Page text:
MagicMirror² v2.5.0 is available! For more information about this release, check out this topic.

SD Card Backup

  • @KirAsh4 I didn’t mean that i will do a backup now and then never again. I just think it would be pretty cool to know, when someday the card is corrupt or whatever, that i have an actual backup (lets say not older then one month).
    So in one or two years (and theirwhile i will have done all updates) i need to install the pi again, i will not have to do all the installation progresses of all services i used till then cause i have an actual backup i can use 🙂 Cause it isnt just the MM i need to restore maybe…
    And that is exactly the reason i opened the thread cause i want to know how others do their backups (IF they do 😉 )
    I hope my grammar is understandable 😛

  • Moderator

    Well, my rpi isn’t backed up. The data that’s on it is all on github so all I would have to do is restore the OS. I have yet to compile anything from scratch as I use pre-compiled packages and install via 'apt-get'. However, for other, more dedicated servers that I run, I do back them up every single day, however again, I don’t bother with the OS. What I do backup (list based on a CentOS machine):

    /home - where everyone's user accounts reside
    /etc - because it contains a myriad of config files for the whole system
    /var/lib/mysql - all the MySQL databases live there
    /var/spool/cron - because I really don't remember all the various custom service tasks that are running
    /root - because I tend to keep some important, system wide stuff there
    /var/mail - users tend to lose their heads if suddenly their entire INBOX goes missing

    Everything is done using 'rsync' in incremental hard-links mode. This way I can keep (on average) 2 weeks worth of data without it also taking up 14x the amount of physical storage; it only copies a file if it has changed. I have a single terabyte drive that has been the backup drive for 15 different servers, storing anywhere between 2 to 4 weeks worth of data (and it’s also backed up to a secondary machine). One of the servers takes up 175GB all on itself. If I didn’t do incremental hard-links, I’d be needing a larger backup drive just for that one machine.

    Should the main hard drive in any of the servers die, all I have to do is swap it out for a new one and push the power button. PXE (pixie) takes over, sees that there’s no OS on the drive, and automatically re-installs everything for me from the source OS server on the network. 10 minutes later the server is up and running, fully configured, with a restore rsync running. That’s faster than many will take to finish a hot cup of coffee in the morning.

    I realize this is a more advanced setup that will not apply to 95% of you here. But then, you did ask how we backup. 🙂

    If I were to backup my rpi, that’s the same process I would take, with the exception that rpi does not support PXE, so I will still have to manually re-image the SD card and go through the setup process to get it back up and running, prior to doing any kind of restore operation on it. And since I use my rpi only for MM, there isn’t a whole lot in terms of what needs to be redone on it, other than a few git clone commands and restoring my config file. But since I run an identical setup at my office but on a regular unix server (for when I’m bored and want to do dev work), I just copy that file over and done.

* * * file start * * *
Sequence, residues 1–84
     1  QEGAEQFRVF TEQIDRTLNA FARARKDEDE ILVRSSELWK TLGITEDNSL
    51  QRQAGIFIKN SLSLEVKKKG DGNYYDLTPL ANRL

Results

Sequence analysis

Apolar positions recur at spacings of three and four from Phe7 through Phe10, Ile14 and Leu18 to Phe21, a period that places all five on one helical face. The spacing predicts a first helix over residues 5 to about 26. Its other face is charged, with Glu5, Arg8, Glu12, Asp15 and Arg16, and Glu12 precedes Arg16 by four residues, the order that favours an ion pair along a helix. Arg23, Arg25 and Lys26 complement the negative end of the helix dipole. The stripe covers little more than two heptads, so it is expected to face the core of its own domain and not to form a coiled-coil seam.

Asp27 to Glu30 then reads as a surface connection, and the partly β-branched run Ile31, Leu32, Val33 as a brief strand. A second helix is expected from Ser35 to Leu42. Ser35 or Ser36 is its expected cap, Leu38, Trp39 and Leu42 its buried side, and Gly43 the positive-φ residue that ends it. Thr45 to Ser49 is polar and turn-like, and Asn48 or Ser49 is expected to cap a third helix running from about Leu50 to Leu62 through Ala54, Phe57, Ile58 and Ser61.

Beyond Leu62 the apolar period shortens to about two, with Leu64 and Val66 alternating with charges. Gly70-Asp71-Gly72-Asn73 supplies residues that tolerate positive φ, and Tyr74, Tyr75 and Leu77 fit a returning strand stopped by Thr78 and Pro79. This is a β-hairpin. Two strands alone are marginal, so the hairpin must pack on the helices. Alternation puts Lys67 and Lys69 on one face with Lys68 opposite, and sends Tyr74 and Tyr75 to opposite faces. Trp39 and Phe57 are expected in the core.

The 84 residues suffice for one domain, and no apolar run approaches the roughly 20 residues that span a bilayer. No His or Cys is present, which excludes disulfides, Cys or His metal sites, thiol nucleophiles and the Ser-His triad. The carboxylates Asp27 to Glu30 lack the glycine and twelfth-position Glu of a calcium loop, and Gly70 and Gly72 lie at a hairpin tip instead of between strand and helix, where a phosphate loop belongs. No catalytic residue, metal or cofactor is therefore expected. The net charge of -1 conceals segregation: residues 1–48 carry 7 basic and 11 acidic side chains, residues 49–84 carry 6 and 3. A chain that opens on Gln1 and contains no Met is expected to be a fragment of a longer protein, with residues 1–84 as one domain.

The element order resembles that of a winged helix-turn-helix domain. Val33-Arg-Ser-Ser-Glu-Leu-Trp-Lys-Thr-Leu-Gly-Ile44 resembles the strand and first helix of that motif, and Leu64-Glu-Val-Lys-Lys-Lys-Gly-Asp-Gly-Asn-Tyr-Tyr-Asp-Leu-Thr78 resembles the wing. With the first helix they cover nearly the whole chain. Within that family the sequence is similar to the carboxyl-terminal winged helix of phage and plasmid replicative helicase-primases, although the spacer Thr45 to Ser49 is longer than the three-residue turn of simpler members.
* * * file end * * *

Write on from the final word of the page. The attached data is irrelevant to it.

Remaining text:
One of these days I’ll map out how my internal network runs and “maintains” itself.

  • @cruunnerr I just noticed the question is not MM specific.

    I have two Raspberries in production @home and I use raspiBackup which was mentioned already above by yawns to create backups every weekend - triggered by a crontask. I use rsync together with nfs and hardlinks to backup the whole systems and keep 12 backups (3 months). Hardlinks minimze the backup space used and reduce the backup time significantly because only new and changed data will be saved in every new backup. All constant data including the constant OS files will be saved only once and linked to in all backups created later on. To restore the backup I use my Linux box but you also can use your Raspberry running Raspbian if you don’t have a Linux box handy.
    If you want to restore the backup from your Windows box you can create a dd backup with raspiBackup whi ch can be restored with win32diskimager. But then you don’t benefit from the nice rsync feature to use hardlinks and every backup run will save the whole SD card all the time and the backup will take much longer and you need more backup space.
    I also should mention that you need an ext3 or ext4 filesystem on your backup space if you want to use hardlinks. You also can use a network drive connected via samba but then there is no hardlink support. But you can then create a tar backup which in general will be smaller than a dd backup.

  • I just tried Rasperry’s built in “SD Card copier” function and it worked perfectly (16GB -> 64GB). You can find it under Accessories > SD Card copier. Look here for more specific instructions, chapter three:

    Since my actual mirror is on the to-do-list i think i’m gonna use flush mount style usb cable extension (wireless dongle for mouse/keyboard and microsd reader) as well as microsd cable extender. Both can be found on Amazon.

  • Module Developer

    A backup of a running system is a good idea. Keep in mind how often we have trouble with new Raspbian versions. It still seems to run best on Jessi, so at least keep an image of that Raspbian version at hand that works for you (but then again, why not a complete backup image?).

    My Mirror crashed with data loss and corrupted sd card and for weeks, evening after evening I couldn’t get WiFi to run on my RasPi with the new card and latest Raspbian. Finally found my old Jessi image and it worked immediately. If only I had made a backup, it would have been a 10 minute thing.